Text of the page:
August 24th, 2018
Earlier this month, a San Francisco court ordered Monsanto to pay out $289m to a terminally ill man after a jury unanimously agreed that the giant agrochemical company was responsible for causing his cancer.
The cause of plaintiff Dewayne Johnson’s cancer, the jury determined, was exposure to glyphosate, the active ingredient in the company’s popular Roundup herbicide that Mr Johnson used during his role as a school groundskeeper. Monsanto has said that it intends to appeal the decision.
Following this historical case, The Green News asked all local authorities in Ireland about their use of glyphosate products and if plans are in place to move to alternative options in light of the court’s decision.
Dublin City Council (DCC) is currently trailing several alternatives to Roundup, using hot water, foam stream, flame weeding and concentrated vinegar to tackle weeds.
The Council is “conscious” of the need to replace the herbicide due to its potential risks but is also cognizant of the public’s wish to maintain a “tidy” appearance in the city, said a DCC’s spokesperson.
“These alternative trials have eliminated weeds but the degree of success achieved with one application of herbicide will probably require up to three or more applications annually,” the spokesperson said. These methods are “unlikely” to be as economical as existing herbicides.
“It’s also possible that it won’t be feasible for local authorities to deliver the number of maintenance visits required to eliminate all weed growth and achieve a herbicide-free city. A tolerance of weeds may become more normal,” they said.
In 2014, 3,500 litres of glyphosate were used across the Irish capital. Last year, 550 litres were sprayed by the Parks Services and 800 litres and 20kg in granular form were used by the Roads Maintenance Service. This was a “significant” decrease, according to DCC.
At a recent meeting of Leitrim County Council, a motion calling on the Government to ban the use of glyphosate passed. The County Council has now agreed to not use the product in future works.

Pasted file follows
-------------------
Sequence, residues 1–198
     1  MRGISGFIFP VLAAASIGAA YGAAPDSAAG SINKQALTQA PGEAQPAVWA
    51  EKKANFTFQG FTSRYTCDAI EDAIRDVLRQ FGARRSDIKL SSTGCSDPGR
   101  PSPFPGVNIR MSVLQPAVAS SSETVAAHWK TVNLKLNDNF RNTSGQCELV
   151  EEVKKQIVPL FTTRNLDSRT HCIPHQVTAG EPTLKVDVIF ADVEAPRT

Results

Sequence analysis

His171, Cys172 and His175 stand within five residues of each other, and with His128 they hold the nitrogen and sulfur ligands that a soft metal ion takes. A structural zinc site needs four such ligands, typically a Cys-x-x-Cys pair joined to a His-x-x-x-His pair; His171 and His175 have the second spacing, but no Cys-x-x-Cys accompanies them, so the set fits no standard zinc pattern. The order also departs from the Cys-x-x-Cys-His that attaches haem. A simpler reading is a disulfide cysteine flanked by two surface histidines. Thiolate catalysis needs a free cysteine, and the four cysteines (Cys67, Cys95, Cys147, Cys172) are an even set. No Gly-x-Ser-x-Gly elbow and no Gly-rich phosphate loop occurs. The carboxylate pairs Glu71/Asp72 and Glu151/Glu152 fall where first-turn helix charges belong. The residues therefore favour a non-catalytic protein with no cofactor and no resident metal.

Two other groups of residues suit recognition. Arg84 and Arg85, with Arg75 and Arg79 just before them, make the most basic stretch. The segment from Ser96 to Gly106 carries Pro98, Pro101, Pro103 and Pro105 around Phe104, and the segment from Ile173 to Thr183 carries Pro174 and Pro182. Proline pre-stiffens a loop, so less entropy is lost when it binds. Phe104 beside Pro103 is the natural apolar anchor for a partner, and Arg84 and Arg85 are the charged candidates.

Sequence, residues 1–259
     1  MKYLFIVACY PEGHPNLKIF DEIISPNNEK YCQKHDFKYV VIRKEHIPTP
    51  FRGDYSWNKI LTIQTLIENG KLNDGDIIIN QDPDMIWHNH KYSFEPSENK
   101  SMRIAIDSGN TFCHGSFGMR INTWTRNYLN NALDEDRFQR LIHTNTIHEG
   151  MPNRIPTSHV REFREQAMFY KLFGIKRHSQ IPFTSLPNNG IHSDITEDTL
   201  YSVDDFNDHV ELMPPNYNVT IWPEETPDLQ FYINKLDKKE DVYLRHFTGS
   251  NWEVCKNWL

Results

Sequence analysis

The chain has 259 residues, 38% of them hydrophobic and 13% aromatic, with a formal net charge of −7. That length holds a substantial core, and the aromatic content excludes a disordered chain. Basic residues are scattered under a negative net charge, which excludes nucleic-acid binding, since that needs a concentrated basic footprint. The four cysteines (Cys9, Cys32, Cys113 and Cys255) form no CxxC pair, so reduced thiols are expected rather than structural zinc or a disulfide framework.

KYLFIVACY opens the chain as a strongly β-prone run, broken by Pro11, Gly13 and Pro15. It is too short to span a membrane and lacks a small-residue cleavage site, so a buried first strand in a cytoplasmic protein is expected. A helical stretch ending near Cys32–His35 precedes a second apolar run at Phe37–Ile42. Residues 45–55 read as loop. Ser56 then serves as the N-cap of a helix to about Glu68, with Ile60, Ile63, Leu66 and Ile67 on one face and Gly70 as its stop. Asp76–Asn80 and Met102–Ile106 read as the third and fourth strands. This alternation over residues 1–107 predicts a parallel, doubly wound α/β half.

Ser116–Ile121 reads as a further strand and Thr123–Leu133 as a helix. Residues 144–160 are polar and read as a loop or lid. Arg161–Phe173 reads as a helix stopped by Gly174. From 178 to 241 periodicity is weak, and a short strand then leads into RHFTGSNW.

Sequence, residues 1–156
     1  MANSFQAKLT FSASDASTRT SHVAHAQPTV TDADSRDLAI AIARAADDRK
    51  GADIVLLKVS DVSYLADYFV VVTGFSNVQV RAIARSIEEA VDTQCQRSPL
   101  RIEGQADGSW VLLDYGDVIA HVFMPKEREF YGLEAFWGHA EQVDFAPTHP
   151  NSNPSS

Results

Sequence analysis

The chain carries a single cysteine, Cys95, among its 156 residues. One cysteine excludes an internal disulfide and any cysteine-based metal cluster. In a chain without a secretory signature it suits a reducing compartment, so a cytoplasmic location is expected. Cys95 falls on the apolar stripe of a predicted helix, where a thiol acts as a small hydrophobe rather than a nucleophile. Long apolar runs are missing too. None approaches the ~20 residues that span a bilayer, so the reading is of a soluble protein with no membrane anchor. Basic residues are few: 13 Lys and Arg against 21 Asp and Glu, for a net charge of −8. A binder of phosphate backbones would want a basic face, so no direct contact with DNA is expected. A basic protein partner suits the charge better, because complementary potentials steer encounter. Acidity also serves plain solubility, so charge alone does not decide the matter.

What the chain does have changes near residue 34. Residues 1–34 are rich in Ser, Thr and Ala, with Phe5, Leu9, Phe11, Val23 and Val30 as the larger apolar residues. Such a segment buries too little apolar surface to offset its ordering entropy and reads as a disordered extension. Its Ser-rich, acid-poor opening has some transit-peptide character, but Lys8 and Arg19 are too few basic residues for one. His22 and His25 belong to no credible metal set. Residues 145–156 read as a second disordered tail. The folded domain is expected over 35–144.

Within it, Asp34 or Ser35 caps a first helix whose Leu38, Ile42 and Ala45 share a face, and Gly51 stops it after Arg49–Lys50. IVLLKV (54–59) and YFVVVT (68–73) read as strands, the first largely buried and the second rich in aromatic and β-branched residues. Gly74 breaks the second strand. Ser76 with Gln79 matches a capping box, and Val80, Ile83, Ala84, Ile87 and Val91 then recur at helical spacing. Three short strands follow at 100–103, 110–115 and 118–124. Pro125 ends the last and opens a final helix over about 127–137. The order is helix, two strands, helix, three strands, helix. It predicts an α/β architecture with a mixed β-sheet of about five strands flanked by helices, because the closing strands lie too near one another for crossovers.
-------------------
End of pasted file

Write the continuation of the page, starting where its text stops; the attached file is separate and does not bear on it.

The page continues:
“We haven’t been using such products for the past number of months. We have a program of treating Japanese Knotweed on at the moment and we’re using an alternative product,” a council spokesperson told us.
In Laois, the Environment or Water Services in Laois County Council are not using glyphosate. The Roads Department did not reply to The Green News by the time of publication.
Safe and efficient
Most Irish counties are still using weedkiller containing glyphosate, such as Donegal County Council, telling The Green News that it is the most effective product to treat invasive plant species. The chemical’s license was renewed for five years last November by the European Commission.
“If a product is licensed for use in the EU then we wouldn’t unilaterally ban its use in Donegal. We are aware of the decision from America and also that [Monsanto] intends to appeal so we’ll keep this situation under review,” a council spokesperson said.
Galway County Council said that a range of methodologies including the use of weed-killing chemicals is being employed in the wider county area.
“Any materials are used only if they are licensed for use and are used in accordance with safety and environmental guidelines. Should any of these licenses or guidelines change in the future, the Council would, of course, modify use and employ different methods and materials as required,” a council statement reads.
Cork County Council is also using herbicides containing glyphosate “from time to time” on its roads, amenity sites and waste facilities to treat invasive species such as Japanese Knotweed.
“The Council has a robust safety management system in place to ensure that staff using hazardous chemicals of this nature, comply with all statutory environmental requirements and put the necessary health and safety controls in place,” a spokesperson told us.
Wexford County Council also uses glyphosate to eliminate invasive species, telling us that There is “no effective alternative” available to eliminate Japanese Knotweed. “Eradication takes at least three years to achieve, with glyphosate being applied in consecutive Septembers to get the most effective results.
“We’re now precluded from using residual weedkiller with contact sprays being the only alternative. Glyphosate is the most effective contact spray. If we become aware of a more effective spray we’ll certainly use it,” the council said.
Limerick County Council is “investigating” the use of alternatives. “Appropriate training and personal protective equipment are issued to all workers involved in using the weedkiller. Risk assessments are carried out before it’s used and is only used as per the manufacturer’s directions.”
The roads team in Clare County Council has yet to try any alternatives; however, the council is considering the use of “viable” alternative to glyphosates.
While Irish Water does not use the molecule on their water treatment plants, the “isolated use of a pesticide” may be required at certain sites to deal with invasive species. “In such instances, specialist contractors are employed to undertake the pesticide treatments,” a spokesperson said.